everyone is clearly unnerved and concentrating hard on what they
have to do.
6.45: I am working with the continuo player (happily an
old friend), still trying to get through all the recits. We both
know that we will be working through the interval.
7.00: conductor puts a sandwich and bottle of water in front
of me. I have a quarter of an hour to select my outfit (the sexy,
backless, chiffon number will have to go - too cold), roughly tie
my hair back out of the wind and make a last phone call.
7.15: the producer of the festival makes the announcement
...couldnt find anyone who knew the role, this opera
hasnt been sung for 200 years, but we didnt want to
cancel ...etc. Very lucky to find ... and were off!
I lose track of time. Every moment between singing, I am scouring
the score. What was that tricky bit? Where was that impossible recit?
I have made hasty pencil markings...shes fast and angry...slow
and sarcastic ...sweet ...cute ... bruising for a fight...breathless
etc. I pray that I will remember them.
8.15: first interval. My continuo friend brings me a cup
of hot water. I have been singing almost non-stop since 2.30 and
I am now vocally very tired but I still have the heaviest sing ahead.
We hastily scramble through the remaining recits and I check that
I have them all highlighted. We can do a final check in the next
interval, between Acts 2 and 3.
8.30: Act 2 begins. The audience seems warm and receptive.
They are laughing at the jokes - thank goodness for the surtitles.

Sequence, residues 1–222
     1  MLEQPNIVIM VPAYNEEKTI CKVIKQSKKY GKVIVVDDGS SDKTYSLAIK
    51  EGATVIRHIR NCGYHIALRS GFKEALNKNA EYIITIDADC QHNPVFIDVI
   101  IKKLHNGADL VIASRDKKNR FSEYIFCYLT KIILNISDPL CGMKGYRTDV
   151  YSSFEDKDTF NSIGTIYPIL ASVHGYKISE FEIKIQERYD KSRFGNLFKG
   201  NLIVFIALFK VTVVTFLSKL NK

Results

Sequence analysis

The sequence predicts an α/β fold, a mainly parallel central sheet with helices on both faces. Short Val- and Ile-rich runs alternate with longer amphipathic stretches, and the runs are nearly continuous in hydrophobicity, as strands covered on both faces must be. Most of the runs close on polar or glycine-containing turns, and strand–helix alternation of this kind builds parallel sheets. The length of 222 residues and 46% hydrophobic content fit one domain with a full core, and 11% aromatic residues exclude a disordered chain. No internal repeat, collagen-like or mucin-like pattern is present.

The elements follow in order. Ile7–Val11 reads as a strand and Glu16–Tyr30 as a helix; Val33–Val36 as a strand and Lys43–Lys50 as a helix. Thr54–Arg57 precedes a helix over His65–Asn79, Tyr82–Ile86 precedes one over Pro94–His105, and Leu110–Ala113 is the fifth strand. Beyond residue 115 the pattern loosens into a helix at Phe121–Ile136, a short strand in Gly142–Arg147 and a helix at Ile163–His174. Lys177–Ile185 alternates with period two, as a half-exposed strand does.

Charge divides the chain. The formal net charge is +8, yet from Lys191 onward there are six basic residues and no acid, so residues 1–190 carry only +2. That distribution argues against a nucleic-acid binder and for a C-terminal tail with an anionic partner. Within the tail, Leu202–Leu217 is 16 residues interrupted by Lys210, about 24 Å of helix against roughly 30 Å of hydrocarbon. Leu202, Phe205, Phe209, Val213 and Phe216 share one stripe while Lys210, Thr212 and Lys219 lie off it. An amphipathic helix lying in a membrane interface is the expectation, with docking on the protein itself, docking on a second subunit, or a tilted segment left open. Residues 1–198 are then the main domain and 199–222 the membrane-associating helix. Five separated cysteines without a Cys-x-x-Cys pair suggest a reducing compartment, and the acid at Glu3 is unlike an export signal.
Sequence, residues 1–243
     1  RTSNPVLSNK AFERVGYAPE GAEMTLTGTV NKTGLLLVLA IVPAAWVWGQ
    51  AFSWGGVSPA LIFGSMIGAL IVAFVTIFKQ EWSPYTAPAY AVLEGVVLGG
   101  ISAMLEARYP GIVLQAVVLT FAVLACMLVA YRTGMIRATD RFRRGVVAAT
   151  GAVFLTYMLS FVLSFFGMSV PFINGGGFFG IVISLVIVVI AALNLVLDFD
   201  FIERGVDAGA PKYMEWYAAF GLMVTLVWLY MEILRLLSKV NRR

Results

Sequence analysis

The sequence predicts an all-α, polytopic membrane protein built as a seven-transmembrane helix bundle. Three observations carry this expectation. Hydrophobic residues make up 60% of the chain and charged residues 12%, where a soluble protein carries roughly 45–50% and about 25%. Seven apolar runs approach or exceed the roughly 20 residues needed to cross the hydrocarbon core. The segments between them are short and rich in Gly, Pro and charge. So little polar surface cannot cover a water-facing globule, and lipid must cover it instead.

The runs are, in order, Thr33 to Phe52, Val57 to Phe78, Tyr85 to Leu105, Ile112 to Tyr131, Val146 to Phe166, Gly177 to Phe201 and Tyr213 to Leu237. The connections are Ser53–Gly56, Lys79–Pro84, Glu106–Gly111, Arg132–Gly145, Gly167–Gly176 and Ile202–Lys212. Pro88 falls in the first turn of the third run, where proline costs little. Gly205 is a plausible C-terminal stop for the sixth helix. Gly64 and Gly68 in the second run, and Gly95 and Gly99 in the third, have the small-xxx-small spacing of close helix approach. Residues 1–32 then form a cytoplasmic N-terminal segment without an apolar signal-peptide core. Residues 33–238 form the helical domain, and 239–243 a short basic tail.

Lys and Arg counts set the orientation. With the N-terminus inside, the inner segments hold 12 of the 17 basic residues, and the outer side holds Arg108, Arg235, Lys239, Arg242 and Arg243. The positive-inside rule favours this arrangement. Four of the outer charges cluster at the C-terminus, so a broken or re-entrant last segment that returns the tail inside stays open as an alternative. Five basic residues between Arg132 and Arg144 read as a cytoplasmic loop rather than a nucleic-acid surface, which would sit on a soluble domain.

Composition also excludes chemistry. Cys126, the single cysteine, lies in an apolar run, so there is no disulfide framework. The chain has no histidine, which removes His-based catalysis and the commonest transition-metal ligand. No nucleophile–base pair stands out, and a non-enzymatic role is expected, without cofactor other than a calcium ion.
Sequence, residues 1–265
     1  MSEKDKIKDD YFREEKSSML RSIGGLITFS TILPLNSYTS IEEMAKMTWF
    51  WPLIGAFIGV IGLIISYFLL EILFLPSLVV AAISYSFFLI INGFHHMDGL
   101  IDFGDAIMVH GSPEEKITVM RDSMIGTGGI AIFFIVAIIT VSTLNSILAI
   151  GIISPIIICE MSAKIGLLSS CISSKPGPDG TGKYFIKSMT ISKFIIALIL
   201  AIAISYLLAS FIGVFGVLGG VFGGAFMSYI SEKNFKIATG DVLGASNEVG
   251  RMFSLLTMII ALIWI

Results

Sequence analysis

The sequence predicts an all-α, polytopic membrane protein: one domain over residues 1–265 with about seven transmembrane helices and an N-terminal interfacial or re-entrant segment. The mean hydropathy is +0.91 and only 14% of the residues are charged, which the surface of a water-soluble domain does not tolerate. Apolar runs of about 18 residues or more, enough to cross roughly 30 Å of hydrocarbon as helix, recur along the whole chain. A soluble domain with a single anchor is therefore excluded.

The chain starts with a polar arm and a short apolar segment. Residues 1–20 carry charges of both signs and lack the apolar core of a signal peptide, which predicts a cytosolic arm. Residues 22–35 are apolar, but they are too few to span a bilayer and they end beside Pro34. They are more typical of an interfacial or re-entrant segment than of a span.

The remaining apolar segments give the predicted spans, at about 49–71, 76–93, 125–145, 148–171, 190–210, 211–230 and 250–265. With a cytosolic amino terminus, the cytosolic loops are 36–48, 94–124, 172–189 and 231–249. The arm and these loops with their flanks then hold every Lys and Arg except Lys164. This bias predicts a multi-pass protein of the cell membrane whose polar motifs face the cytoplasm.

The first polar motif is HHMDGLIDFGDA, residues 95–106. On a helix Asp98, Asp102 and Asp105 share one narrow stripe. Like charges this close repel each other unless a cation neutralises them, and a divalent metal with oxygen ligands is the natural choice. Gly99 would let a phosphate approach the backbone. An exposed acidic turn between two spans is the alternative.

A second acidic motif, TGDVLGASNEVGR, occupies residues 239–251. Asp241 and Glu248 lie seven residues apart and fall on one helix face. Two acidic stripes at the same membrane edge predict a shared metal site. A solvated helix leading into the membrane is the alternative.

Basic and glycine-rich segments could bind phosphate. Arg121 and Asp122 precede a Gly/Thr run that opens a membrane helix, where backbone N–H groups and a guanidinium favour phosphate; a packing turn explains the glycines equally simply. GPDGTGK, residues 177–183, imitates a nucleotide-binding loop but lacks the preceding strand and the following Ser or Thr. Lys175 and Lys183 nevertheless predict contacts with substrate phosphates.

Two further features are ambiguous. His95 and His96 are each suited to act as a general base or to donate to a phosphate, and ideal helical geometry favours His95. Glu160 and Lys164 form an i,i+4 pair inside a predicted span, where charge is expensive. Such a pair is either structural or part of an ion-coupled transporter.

I make slightly more fluffs - mainly in the Italian - that recit
goes so fast, I dont have time to think. I realise as the
light fades that the score is more difficult to read and that I
am very cold. The wind blows in my face, my eyes are watering and
the pages are blowing over. Concentrate, concentrate
I repeat to myself - nearly through the next act.
9.45: end of Act 2. To my horror, the orchestra stays in
their seats and it is apparent that there is no further interval.
In the rapidly deepening gloom, I realise that I havent yet
read through the Act 3 finale. I use the only available blue stage
light and hastily scrabble through the enormous score to squint
at text and dots I havent yet read. I remember my continuo
friends soothing advice. Dont worry she
cooed Its all fairly predictable. There are no surprises.
This act goes much faster and before I know it, I am reading the
unknown dots. I am on the top line and there can be no mistakes.
I am flying by instinct - no time to think. End of the opera and
10.30: somehow I am up on stage taking applause with the
cast. I am dazed and relieved that it is all over. Backstage the
cast is grateful and exhausted. Two of them are old friends but
we have little time or energy for more than an exchange of new telephone
numbers and promises to be in touch. The production team brings
out the champagne. It goes straight to my head. I am promised a
taxi home but by now, the park is shut. I am led through the park
and to the final "cadenza" - climbing over the park gates
to get out to the main road. As one well known middle-aged director
was quoted as saying when he had had to follow the same routine
a few weeks earlier - "They dont expect us to do this at Glyndebourne!"